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The odd thing is that I can read the entry and think that I am processing it correctly for a bit before I hit the wall.

Same here. Three or four lines down.
Do you think that Fuller knew what he meant to say?

Yes, he probably did. But what he wanted to say probably turned out to be so trivial when put down in black and white that he felt a need to bulk it up a bit and hide its essential triviality behind a smoke-screen of pseudery. This is a very common technique. It is, for example, the only technique necessary for a career as a conceptual artist.
I was given one of his books some years ago, and got to the second page. It's sitting in the (large) pile of books to which I mean to return when I have the time. Like eternity.

A collection of Buckie's writings has sat on my bookshelves for about 25 years. By the looks of it, I must have read it all the way through at some stage but I don't remember doing so.
A quick riffle - crikey! it seems to be written in English. I might give it a go. I find ego-maniacs fascinating, and Buckie was nothing if not an ego-maniac.

Mickwick,
the universally concerned intellectual optic of integrity
That sentence was written by Richard Buckminster Fuller, the father of geodesy.

Fuller was the father of the geodesic dome, but geodesy dates to the sixteenth century, a bit before his time.

Oh well.
Not me. It's crap. It means nothing.

I can't tell whether it means anything or not, as I'm too lazy to try to decipher it. But any ... bad one. Are you sure he didn't intend it as a parody? I'd hate to think he really meant that.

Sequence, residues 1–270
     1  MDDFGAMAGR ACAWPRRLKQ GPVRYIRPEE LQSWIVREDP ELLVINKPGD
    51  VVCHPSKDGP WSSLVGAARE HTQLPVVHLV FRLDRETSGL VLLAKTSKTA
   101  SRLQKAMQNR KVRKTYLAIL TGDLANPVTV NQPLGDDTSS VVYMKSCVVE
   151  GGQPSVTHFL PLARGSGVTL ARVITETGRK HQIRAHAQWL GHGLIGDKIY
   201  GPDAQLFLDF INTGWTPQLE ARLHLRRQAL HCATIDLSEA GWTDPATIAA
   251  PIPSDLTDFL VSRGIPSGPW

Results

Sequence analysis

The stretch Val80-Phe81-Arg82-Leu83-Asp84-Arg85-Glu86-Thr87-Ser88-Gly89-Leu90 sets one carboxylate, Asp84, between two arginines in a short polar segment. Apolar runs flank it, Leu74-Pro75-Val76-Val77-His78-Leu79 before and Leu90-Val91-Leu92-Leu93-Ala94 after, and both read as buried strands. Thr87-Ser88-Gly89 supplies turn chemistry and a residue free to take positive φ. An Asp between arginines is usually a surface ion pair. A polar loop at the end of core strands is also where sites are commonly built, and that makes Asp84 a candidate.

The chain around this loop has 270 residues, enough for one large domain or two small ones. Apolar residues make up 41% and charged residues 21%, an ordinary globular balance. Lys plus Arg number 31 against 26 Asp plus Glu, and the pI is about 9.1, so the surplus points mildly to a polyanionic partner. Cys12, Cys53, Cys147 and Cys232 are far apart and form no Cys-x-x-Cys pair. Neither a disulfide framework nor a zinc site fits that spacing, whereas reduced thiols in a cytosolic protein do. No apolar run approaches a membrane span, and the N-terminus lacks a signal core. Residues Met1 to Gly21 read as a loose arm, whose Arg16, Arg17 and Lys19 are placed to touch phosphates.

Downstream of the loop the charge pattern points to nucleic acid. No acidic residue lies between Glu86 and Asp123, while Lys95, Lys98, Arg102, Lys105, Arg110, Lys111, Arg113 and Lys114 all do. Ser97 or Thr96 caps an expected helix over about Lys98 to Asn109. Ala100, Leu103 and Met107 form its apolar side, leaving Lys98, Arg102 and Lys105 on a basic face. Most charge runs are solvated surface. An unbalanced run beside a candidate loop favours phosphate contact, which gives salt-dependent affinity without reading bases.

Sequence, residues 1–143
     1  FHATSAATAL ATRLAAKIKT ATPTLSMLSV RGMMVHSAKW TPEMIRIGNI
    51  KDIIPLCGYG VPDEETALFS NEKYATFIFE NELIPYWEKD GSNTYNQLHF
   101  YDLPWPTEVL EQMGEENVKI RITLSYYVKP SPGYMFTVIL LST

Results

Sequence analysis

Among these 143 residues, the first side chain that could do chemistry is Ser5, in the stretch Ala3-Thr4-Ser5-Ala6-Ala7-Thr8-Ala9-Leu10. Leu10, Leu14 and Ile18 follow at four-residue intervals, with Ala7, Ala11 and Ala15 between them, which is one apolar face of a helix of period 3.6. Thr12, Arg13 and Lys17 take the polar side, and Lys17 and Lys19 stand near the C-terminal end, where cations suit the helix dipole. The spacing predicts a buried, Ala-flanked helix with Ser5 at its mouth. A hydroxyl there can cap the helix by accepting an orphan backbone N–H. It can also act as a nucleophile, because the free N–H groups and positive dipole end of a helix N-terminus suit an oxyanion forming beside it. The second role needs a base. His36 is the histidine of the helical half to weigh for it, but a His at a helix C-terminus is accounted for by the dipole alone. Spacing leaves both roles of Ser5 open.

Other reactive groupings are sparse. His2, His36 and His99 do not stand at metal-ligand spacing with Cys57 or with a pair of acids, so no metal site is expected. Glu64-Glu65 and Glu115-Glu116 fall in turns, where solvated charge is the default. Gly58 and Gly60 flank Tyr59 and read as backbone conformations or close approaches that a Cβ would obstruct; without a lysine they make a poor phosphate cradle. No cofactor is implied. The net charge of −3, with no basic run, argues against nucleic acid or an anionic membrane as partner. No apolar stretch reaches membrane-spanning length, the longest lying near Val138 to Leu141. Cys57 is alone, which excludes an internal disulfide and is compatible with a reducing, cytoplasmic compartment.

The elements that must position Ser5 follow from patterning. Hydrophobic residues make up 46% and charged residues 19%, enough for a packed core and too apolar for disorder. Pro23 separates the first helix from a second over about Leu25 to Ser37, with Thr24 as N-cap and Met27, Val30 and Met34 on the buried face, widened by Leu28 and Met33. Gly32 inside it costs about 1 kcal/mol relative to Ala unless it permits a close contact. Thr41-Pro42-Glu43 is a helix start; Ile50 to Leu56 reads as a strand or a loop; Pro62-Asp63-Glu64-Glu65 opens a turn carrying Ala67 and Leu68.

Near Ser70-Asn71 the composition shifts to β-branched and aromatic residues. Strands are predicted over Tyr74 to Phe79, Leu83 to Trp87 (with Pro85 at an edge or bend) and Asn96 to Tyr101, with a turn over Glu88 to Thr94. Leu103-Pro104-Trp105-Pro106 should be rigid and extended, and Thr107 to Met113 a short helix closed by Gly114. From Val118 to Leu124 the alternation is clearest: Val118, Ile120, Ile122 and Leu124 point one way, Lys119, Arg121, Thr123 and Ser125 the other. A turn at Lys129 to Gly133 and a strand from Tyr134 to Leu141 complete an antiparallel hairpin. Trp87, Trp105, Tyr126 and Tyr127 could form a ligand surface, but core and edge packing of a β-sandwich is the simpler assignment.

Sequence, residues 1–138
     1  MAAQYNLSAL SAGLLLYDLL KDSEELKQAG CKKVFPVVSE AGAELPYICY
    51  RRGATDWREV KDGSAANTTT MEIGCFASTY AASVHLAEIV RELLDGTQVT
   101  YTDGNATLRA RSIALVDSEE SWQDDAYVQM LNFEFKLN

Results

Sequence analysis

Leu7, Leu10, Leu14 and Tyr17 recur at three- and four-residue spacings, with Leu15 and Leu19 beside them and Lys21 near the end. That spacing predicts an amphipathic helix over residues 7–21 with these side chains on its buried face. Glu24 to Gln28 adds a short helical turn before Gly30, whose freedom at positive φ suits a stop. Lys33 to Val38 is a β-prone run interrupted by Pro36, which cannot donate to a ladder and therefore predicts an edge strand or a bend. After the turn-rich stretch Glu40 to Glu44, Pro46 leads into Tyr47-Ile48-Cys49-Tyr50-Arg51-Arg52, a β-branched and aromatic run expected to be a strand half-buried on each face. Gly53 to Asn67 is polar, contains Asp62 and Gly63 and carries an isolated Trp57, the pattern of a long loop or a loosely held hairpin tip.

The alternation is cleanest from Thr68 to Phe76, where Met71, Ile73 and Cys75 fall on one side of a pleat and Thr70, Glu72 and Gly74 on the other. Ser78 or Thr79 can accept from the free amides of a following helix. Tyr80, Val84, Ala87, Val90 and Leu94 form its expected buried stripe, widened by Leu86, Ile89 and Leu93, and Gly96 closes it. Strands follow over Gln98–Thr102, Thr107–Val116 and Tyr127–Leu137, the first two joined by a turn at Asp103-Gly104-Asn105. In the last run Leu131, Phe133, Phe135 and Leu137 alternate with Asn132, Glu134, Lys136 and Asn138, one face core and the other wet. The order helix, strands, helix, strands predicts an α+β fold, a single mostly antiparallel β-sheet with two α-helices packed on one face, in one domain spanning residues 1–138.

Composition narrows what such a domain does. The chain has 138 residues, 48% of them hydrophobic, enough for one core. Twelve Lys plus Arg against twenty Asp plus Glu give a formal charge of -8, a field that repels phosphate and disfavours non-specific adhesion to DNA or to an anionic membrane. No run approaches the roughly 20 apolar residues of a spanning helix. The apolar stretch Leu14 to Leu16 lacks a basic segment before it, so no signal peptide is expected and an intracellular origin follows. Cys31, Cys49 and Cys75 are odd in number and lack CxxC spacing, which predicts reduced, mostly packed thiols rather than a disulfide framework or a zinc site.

I'm afraid he probably did mean it. They were all a bit over-excited in those days.

Mickwick,
the universally concerned intellectual optic of integrity
Here is my (re)submission: The ideal of modern architecture being ... visible only through the universally concerned intellectual optics of integrity.

The ideal of modern architecture being not only to provide survival function, but to make the mechanics of life so ... merge into the eternal now, which is only available to a mind wholesomely occupied with universal, rather than local concerns.

Well done! I can see where you got that from (I think).

Although, with respect, you've dumped so much of what he wrote that translating it as
The ideal of modern architecture is integrity.
would rescue almost as many of the many possible meanings that can be dug out of his baffling 'sentence'.
More of a parenthetical statement, maybe, since it's not quite a sentence.

Yes. Most of the article/manifesto was written like that.

Mickwick,
the universally concerned intellectual optic of integrity
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... Molly's soliloquy (odd: I think it is the first time I ever typed or wrote the word) at the end of "Ulysses".

Her soliloquy, yes, but the chapter is entitled Penelope. I'm not a Homer fan, but wasn't she Ulysses's wife as Molly was Bloom's?

Some recent additions omit the Odyssean chapter titles. They probably have a reason for that.

Never, not once, in Ulysses , right?
although he often used the full-blown variety, but not in this chapter of course. Does everyone know that each of the 18 chapters is written in a totally different style?

Something that would have worked better, at least in the chapter of parodies, if he hadn't been so fastidious about punctuation. (No dashes either.)
Yet the novel remains one coherent piece, sort of, no matter that a few yahoos find it somewhat incoherent.

And I say that as somebody who is not particularly enamoured of Joyce's work.

Shame on you. And "not particularly enamoured"! Christallmighty, PB, you've got to love it or hate it. Just say which, sans wishywashiness. Me, I love it, but you knew that.

Like PB, I neither love Joyce's work nor hate it.
...

Jerry Friedman